Earlier today, Yenta Laureate noticed interior demolition at Silver Monuments, which was the last gravestone business on the Lower East Side before closing down in 2015. Owner Murray Silver decided to consolidate the business in Woodside, Queens.
The store, at 125 Stanton St., was in the heart of New York’s monument district. “In many ways,” noted the New York Times in 2006, Silver Monuments is a fitting memorial to the Lower East Side’s legendary past as a bustling Jewish enclave.” A few lines from that story:
Situated in a five-story walk-up, the store is owned and run by Murray R. Silver, 65, who lives in an apartment above the business, which absorbed three other gravestone dealers, Forsyth, Weinreb & Gross. Inside, the selection ranging from standard marble “toaster” shapes with the Star of David in relief (customary for men, while women usually get Shabbat candles) to massive granite Torahs rests on squares of tattered artificial green grass to capture the feel of a real cemetery. The oldest gravestone sample, hand carved by Mr. Silver’s late father, Samuel Silver, depicts a broken tree and a flying dove. “You are now in the house of satisfied customers,” a sign proclaims. Mr. Silver inherited the business from his parents. His father died 20 years ago and now rests in a cemetery on Long Island under a modest family marker engraved “Silver.” His mother, Minnie, who is 95, became the first woman on the Lower East Side to run a monument store’s showroom. She would leave work early so she could put out milk and cake for her children arriving home from school.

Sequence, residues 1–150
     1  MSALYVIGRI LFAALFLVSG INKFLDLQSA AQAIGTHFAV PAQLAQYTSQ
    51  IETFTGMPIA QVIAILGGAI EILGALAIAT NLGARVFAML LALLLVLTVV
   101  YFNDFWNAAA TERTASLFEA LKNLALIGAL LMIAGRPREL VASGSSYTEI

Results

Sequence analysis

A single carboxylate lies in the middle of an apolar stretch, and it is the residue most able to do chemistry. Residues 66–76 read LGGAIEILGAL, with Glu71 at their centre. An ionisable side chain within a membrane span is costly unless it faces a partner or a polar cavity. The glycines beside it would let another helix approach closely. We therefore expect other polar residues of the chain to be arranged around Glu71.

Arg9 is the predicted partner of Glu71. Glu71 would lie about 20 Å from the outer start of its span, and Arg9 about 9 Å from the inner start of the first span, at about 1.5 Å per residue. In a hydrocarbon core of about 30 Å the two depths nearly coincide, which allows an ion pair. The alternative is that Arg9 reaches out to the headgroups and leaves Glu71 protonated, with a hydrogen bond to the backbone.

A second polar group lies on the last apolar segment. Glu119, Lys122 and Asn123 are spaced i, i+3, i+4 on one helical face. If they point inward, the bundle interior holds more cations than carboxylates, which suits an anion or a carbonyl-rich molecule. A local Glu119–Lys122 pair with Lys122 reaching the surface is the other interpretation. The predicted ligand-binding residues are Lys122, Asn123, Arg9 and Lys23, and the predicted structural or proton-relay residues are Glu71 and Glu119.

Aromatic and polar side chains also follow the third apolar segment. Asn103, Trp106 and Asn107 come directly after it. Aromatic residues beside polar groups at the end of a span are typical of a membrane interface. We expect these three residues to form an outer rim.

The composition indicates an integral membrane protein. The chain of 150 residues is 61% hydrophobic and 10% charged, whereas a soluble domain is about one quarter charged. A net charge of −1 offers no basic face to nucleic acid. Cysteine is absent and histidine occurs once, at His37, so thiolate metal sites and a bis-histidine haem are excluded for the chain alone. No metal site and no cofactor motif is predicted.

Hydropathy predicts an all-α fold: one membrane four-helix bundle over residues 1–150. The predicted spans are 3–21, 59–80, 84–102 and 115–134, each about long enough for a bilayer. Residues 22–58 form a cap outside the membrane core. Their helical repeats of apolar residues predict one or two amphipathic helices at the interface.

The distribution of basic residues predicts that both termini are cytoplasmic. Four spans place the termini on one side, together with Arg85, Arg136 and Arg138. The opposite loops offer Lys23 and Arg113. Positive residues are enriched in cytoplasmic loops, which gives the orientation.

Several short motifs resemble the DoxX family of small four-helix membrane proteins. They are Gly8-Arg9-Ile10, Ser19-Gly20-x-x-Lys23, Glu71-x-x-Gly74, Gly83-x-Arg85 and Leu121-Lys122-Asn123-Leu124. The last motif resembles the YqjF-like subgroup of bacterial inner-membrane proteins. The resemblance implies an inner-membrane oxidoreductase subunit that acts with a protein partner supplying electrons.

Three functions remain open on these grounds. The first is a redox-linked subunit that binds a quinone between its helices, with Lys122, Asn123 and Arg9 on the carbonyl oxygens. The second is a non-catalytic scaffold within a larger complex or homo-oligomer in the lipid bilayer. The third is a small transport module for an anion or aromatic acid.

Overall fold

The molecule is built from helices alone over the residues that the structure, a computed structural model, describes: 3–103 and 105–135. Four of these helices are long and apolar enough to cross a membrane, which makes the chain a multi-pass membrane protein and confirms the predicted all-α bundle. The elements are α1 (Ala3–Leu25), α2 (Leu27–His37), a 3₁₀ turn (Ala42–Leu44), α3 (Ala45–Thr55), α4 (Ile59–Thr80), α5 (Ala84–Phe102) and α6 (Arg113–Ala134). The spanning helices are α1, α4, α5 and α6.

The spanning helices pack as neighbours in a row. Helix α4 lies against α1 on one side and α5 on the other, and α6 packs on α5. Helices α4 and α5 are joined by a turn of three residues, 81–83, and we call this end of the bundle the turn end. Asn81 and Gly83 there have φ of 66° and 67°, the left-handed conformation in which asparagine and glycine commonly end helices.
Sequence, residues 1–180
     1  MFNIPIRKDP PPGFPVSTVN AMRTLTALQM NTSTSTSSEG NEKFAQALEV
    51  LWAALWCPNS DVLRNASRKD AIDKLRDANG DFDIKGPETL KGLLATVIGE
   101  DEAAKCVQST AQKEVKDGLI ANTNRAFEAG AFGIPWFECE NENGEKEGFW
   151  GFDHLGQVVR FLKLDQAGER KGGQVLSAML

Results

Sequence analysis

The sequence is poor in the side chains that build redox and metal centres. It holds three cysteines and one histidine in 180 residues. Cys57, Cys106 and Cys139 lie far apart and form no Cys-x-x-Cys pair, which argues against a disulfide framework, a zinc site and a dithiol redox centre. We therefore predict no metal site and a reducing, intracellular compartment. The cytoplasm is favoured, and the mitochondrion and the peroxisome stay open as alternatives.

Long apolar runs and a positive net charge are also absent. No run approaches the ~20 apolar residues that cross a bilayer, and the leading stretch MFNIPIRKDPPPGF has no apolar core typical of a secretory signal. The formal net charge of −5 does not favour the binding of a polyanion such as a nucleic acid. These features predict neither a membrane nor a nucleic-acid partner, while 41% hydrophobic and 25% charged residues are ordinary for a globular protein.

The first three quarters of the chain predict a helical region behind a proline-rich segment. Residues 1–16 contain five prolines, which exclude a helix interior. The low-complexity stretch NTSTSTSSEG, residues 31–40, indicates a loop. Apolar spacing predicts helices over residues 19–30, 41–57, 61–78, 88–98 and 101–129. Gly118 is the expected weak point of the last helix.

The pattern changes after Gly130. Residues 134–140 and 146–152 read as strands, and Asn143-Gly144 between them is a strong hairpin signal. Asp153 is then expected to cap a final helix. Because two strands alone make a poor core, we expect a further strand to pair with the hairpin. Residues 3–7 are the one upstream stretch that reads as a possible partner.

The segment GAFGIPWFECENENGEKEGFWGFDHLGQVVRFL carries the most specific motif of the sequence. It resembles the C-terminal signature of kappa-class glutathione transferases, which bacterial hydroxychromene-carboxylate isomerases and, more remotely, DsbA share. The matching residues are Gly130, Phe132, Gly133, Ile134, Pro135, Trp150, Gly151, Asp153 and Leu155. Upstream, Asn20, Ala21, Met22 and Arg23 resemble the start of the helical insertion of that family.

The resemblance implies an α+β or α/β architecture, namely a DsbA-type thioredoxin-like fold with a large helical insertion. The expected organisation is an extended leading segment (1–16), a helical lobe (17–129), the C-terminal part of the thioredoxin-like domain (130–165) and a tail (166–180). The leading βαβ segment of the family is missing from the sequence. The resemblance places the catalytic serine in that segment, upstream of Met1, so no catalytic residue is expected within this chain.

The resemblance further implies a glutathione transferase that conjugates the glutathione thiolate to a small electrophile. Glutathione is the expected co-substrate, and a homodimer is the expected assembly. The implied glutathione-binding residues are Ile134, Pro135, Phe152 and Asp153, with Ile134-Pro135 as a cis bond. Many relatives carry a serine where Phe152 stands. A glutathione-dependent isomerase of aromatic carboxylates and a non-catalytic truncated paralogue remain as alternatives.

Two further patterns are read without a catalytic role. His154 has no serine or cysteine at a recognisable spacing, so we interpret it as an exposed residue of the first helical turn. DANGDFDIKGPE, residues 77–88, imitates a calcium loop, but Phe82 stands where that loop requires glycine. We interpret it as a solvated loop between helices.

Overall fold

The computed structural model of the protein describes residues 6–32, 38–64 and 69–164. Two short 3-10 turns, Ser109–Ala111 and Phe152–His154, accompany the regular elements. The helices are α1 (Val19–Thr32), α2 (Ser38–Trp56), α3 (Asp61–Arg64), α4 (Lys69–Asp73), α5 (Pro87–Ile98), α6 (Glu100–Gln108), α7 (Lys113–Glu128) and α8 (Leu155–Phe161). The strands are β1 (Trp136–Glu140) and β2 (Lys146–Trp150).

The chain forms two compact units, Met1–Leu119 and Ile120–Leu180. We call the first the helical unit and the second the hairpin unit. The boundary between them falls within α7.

The storefront has remained vacant during the last couple of years. Misrahi Realty has been advertising the space for $8,000 month. There’s 1200 square feet on the ground floor. The Silver family has owned the building for decades.